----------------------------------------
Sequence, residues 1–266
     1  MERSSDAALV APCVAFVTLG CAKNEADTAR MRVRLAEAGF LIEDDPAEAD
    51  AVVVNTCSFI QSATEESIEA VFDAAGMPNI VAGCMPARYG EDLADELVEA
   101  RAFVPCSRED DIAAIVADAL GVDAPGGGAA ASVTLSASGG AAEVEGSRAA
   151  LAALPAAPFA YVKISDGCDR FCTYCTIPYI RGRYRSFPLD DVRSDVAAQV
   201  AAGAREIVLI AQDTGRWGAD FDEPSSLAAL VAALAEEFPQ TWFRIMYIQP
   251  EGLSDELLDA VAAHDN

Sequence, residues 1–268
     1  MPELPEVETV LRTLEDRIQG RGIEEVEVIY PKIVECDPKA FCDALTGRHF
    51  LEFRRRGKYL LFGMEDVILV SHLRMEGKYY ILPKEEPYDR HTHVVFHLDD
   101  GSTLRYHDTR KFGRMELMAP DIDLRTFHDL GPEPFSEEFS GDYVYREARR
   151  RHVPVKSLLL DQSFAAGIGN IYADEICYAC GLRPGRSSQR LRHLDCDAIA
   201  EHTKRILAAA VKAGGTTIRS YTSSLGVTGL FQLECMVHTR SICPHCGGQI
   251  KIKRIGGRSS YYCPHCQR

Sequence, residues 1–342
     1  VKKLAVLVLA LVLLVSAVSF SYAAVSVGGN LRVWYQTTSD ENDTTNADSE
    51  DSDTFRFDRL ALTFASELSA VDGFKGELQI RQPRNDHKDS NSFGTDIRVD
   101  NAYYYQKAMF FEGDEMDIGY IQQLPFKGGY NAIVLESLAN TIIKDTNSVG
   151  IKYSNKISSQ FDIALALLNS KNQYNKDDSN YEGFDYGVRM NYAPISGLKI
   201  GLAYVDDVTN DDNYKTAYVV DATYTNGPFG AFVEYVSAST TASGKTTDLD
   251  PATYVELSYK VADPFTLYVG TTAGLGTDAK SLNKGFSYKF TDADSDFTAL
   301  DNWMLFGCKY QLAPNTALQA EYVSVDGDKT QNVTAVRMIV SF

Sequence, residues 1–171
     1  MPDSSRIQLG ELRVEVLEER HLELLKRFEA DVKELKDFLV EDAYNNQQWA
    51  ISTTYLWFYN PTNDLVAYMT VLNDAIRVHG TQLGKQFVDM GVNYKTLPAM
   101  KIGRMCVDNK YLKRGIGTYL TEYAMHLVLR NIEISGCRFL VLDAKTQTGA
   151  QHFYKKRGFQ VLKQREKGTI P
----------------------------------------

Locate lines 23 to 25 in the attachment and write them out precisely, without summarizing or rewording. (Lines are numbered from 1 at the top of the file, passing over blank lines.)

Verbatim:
Sequence, residues 1–171
     1  MPDSSRIQLG ELRVEVLEER HLELLKRFEA DVKELKDFLV EDAYNNQQWA
    51  ISTTYLWFYN PTNDLVAYMT VLNDAIRVHG TQLGKQFVDM GVNYKTLPAM